What it’s like to be an international student in Ontario right now

Travel restrictions. Family members far away. During the COVID-19 outbreak, international students across the province are facing difficult choices
By Nick Dunne - Published on Mar 19, 2020
Darshan Shah is a second-year engineering student at Laurentian University, in Sudbury. (Nick Dunne)

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SUDBURY — Darshan Shah, a second-year engineering student at Laurentian University has been fielding questions from his fellow international students. That’s because he’s the person behind the social-media pages for Laurentian International — a university-run program for international students. Classmates want to know about exam-schedule disruptions, online courses, and more. But Shah, a 19-year-old from Ahmedabad, India, has few answers. “It's kind of a challenge,” he says. “But it's okay. Everyone is going through it, so everyone is understanding what the situation is.”

According to an email from the Ontario Ministry of Colleges and Universities, there are 169,689 international post-secondary students in the province; according to the federal government there were more than 721,000 international students in Canada in 2018. Because of the COVID-19 pandemic, many of them are facing difficult decisions.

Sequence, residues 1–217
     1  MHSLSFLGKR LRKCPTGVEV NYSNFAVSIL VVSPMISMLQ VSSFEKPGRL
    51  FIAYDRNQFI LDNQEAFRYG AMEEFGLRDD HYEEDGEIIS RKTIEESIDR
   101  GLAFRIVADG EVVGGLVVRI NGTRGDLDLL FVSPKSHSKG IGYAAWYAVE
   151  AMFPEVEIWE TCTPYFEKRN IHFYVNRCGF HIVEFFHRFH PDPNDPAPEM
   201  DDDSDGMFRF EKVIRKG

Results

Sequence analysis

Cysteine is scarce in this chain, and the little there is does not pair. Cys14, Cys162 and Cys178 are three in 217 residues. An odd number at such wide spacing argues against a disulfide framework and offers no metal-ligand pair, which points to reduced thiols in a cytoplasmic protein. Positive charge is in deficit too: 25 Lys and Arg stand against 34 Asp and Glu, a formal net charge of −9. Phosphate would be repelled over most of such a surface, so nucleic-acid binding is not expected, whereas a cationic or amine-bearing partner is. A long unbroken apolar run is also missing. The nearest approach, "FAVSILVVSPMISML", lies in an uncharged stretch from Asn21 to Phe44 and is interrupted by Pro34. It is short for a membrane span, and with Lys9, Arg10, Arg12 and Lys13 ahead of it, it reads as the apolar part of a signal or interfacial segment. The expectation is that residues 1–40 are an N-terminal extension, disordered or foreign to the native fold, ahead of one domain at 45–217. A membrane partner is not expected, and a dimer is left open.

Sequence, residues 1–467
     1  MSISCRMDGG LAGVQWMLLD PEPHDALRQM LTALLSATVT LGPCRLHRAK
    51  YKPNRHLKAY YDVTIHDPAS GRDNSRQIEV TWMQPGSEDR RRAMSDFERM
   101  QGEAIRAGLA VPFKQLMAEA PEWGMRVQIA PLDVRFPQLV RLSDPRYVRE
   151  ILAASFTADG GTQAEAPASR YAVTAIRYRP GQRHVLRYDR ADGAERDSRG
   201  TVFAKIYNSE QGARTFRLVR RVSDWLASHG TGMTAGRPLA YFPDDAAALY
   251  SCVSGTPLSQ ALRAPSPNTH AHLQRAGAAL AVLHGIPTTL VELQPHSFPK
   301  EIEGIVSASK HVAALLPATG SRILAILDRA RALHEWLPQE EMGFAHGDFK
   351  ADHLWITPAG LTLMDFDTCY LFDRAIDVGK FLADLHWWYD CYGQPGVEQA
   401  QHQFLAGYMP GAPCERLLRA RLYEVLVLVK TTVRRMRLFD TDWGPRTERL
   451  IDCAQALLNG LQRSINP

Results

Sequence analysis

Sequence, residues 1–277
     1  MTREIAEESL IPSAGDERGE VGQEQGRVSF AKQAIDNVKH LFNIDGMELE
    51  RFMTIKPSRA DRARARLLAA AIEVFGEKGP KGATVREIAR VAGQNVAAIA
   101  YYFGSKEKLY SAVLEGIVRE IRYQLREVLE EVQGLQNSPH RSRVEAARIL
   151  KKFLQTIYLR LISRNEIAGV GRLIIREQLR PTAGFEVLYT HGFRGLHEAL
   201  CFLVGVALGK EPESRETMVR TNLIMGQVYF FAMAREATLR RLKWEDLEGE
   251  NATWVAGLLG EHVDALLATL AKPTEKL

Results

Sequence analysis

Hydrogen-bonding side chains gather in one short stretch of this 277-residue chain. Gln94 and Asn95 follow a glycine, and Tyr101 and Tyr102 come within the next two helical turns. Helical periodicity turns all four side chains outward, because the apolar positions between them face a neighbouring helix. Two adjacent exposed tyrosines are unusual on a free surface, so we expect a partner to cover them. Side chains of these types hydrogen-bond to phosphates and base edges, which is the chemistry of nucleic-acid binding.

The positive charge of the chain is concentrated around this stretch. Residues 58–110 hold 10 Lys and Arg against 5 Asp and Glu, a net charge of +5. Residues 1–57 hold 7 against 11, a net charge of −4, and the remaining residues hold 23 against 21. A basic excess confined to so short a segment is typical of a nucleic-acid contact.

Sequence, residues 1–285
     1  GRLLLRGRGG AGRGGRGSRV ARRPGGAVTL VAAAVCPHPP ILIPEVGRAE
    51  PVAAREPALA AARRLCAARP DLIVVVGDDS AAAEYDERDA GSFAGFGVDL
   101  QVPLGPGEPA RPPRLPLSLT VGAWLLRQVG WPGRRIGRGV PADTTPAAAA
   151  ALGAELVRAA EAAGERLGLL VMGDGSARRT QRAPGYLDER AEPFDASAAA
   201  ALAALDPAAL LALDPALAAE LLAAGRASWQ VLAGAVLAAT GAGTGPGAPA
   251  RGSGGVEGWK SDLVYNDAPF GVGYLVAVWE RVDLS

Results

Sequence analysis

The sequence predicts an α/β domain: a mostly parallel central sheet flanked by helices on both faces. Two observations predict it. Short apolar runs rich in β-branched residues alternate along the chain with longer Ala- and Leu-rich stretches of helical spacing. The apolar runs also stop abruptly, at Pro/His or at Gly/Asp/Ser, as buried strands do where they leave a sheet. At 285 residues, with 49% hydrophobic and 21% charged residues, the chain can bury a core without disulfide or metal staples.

For example, there’s the question of whether to return home to their families or to self-isolate in Canada. Those looking to travel must navigate an increasingly complicated system involving airlines, Canadian authorities, and evolving travel restrictions in their home countries. Some, like Shah, are holding onto already-purchased plane tickets in the hope that such restrictions will be eased or lifted. His flight is scheduled for next month, but rules may have changed in both countries by then. “I booked my flights with Emirates, so I'm looking forward to hearing from them, because flights might begin to be cancelled because they don't want any new virus [cases] in the country,” Shah says.

Sam Kaiser, on the other hand, didn’t want to wait that long. The film student at Queen’s University has a flight to Hong Kong booked for Saturday. “That's essentially what the plan is — just to go home and be with family,” he says. He is, though, worried that travel rules could change before the weekend — and that, if he is able to leave, the airport will be crowded and tense. “I just know that there's going to be a lot of anxiety in airports just with lots of people around,” he says. “Being in a small metal tube with lots of people for a long time is kind of stressful in this time.”

Others have decided to stay put, at least for the time being. Shaun Phuah, a 22-year-old English student at Trent University, is concerned that he could catch COVID-19 while travelling home to Malaysia and then spread it to his family. “Even if I did go through the airport — is it worth maybe contracting this thing?” Phuah says. “Do I want to do this? And trying to see my mom but then possibly get her sick?